So if you noticed, I said the object is not stored in an actual variable. It's stored somewhere else and nothing but a pointer is stored in the variable. So this means that you can have (and often do have) multiple variables pointing to the same instance. For this reason, the internal object representation contains a refcount (Simply a count of the number of variables pointing to it). When an object's refcount drops to 0 (meaning that all the variables pointing to it either go out of scope, or are changed to somethign else) it is garbaged collected (as it is no longer accessable)...

You can read more on references and PHP in the docs...

Disclaimer: Some of this may be oversimplification or blurring of certain concepts. I intended this only to be a guide to how they work, and not an exact breakdown of what goes on internally...

Edit: Oh, and as for this being "clunky", I don't think it is. I think it is really useful. Otherwise you'd have variable references being passed around all over the place. And that can yield some really interesting bugs when a variable in one part of an application affects another variable in another part of the app. And not because it's passed, but because a reference was made somewhere along the line.

In general, I don't use variable references that much. It's rare that I find an honest need for them. But I do use object references all the time. I use them so much, that I'm happy that they are the default. Otherwise I'd need to write some operator (since & denotes a variable reference, there'd need to be another to denote an object reference). And considering that I rarely use clone, I'd say that 99.9% of use cases should use object references (so make the operator be used for the lower frequency cases)...

JMHO

I've also created a video explaining these differences. Check it out on YouTube.

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This answer is now diamonds :) –  shamittomar Aug 31 '10 at 18:47
    
I think the answer could be better structured, but +1 for actually trying to explain the difference between passing by reference and passing an object reference by value. –  Artefacto Aug 31 '10 at 22:35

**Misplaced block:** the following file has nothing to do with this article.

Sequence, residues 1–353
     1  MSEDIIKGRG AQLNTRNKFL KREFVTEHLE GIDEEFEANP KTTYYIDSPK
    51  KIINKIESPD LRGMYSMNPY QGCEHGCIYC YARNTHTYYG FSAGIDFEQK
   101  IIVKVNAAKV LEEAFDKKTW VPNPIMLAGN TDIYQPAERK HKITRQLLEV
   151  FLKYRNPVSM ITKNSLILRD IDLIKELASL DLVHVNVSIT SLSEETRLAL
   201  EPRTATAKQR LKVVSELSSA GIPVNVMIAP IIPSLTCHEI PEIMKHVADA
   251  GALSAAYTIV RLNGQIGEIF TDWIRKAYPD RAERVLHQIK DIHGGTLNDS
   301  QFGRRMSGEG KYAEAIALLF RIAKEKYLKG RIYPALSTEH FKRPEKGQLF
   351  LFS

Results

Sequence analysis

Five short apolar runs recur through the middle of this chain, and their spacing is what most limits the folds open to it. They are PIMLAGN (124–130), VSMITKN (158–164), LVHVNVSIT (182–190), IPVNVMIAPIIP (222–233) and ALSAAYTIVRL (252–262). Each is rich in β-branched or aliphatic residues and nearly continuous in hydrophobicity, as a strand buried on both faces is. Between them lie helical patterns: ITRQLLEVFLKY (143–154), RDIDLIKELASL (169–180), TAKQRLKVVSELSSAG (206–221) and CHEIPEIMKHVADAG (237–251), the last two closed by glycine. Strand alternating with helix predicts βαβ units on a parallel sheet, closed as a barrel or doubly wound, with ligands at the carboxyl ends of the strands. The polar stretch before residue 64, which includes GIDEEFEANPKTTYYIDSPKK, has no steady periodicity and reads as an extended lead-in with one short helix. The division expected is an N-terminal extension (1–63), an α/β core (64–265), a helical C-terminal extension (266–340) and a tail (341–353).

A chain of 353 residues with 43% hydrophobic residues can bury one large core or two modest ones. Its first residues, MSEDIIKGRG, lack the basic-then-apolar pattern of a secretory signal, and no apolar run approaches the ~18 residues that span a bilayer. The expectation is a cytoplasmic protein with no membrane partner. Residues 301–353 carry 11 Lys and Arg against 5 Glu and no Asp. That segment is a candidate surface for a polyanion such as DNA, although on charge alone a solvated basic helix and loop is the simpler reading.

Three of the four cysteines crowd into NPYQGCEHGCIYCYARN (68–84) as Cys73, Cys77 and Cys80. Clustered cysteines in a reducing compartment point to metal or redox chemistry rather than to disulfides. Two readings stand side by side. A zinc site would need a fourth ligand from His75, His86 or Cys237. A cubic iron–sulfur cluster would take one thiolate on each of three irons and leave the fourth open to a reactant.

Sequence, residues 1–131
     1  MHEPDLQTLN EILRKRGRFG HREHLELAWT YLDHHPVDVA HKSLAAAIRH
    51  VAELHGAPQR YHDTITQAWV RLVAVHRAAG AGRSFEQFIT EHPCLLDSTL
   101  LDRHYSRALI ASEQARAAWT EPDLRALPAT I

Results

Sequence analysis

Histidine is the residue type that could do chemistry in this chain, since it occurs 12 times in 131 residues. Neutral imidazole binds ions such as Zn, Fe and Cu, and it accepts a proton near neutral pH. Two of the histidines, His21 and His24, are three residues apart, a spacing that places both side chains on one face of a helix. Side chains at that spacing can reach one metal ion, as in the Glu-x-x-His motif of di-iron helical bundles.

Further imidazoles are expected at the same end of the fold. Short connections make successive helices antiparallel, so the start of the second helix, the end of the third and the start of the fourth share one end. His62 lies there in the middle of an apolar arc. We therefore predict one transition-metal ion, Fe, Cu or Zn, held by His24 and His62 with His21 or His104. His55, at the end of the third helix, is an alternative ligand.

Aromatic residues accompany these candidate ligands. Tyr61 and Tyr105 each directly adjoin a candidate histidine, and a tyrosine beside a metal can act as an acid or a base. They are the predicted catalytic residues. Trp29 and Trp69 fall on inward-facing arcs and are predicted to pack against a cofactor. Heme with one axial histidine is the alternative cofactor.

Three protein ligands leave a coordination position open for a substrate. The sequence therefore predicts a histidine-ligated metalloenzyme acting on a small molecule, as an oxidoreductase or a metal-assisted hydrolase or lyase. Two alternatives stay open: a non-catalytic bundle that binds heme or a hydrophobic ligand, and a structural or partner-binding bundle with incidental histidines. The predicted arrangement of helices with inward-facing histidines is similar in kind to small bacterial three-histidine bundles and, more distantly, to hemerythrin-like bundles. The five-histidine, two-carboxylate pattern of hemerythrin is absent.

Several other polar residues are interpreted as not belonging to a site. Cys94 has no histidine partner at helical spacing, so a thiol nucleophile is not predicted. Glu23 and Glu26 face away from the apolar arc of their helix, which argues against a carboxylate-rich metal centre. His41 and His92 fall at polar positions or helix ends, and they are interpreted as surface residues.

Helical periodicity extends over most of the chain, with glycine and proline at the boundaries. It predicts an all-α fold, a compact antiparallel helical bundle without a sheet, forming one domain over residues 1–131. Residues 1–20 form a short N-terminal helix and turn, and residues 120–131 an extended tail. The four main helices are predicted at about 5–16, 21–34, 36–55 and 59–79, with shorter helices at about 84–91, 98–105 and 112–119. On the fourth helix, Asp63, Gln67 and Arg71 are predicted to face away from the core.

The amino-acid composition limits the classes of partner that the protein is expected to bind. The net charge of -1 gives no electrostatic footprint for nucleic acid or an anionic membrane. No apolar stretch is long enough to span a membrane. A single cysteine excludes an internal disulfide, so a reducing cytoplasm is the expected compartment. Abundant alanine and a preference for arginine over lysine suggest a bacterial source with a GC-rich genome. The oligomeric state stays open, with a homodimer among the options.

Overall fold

Trivia: In $obj = new InternalClass(); $obj = 4;, the second assignment can actually change the object referenced by $obj. See wiki.php.net/internals/engine/objects#set –  Artefacto Aug 31 '10 at 22:37
    
here is a nice example for object reference, the 4th example: php.net/manual/en/language.oop5.basic.php –  timaschew Jul 20 '12 at 9:52
    
@timaschew: objects are objects, and everything else is a primitive. Arrays are not treated as objects... –  ircmaxell Jul 20 '12 at 11:36
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In Short:

In PHP 5+ objects are passed by reference. In PHP 4 they are passed by value (that's why it had runtime pass by reference, which became deprecated). So, you have to use the clone operator in PHP5 to copy objects:

$objectB = clone $objectA;

Also note that it's just objects that are passed by reference, not other variables. The following may clear you up more:

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I like the edit ;-) +1... –  ircmaxell Aug 31 '10 at 18:49
1  
No, objects are not passed by reference... I keep reading on SO, and it's wrong. The difference between PHP 4 and 5 is that in PHP 5 the object variables are actually object references. To sum up, in PHP 4 objects are passed by value, in PHP 5, object references are passed by value. And no, it's not nearly the same. References are a copy inhibition mechanism, object references are pure old indirection. –  Artefacto Aug 31 '10 at 22:33
    
@Artefacto, I bow to you and your knowledge, Sir :) –  shamittomar Sep 1 '10 at 3:11